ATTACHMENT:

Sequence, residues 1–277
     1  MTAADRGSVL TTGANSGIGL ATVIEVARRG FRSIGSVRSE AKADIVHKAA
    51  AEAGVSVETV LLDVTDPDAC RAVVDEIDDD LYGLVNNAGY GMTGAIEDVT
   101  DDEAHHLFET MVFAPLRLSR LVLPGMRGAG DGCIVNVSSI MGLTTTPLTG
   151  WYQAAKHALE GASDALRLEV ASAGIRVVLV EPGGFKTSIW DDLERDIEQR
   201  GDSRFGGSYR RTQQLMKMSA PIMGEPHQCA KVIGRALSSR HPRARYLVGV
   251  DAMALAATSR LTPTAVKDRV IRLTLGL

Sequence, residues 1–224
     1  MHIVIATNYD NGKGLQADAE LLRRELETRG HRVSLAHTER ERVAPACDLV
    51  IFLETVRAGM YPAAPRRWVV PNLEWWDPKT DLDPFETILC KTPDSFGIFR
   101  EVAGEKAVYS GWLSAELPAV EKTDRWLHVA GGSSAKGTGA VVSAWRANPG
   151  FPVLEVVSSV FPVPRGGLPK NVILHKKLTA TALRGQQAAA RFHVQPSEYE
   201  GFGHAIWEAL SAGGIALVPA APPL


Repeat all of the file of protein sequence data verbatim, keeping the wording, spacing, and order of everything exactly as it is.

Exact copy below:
Sequence, residues 1–277
     1  MTAADRGSVL TTGANSGIGL ATVIEVARRG FRSIGSVRSE AKADIVHKAA
    51  AEAGVSVETV LLDVTDPDAC RAVVDEIDDD LYGLVNNAGY GMTGAIEDVT
   101  DDEAHHLFET MVFAPLRLSR LVLPGMRGAG DGCIVNVSSI MGLTTTPLTG
   151  WYQAAKHALE GASDALRLEV ASAGIRVVLV EPGGFKTSIW DDLERDIEQR
   201  GDSRFGGSYR RTQQLMKMSA PIMGEPHQCA KVIGRALSSR HPRARYLVGV
   251  DAMALAATSR LTPTAVKDRV IRLTLGL

Sequence, residues 1–224
     1  MHIVIATNYD NGKGLQADAE LLRRELETRG HRVSLAHTER ERVAPACDLV
    51  IFLETVRAGM YPAAPRRWVV PNLEWWDPKT DLDPFETILC KTPDSFGIFR
   101  EVAGEKAVYS GWLSAELPAV EKTDRWLHVA GGSSAKGTGA VVSAWRANPG
   151  FPVLEVVSSV FPVPRGGLPK NVILHKKLTA TALRGQQAAA RFHVQPSEYE
   201  GFGHAIWEAL SAGGIALVPA APPL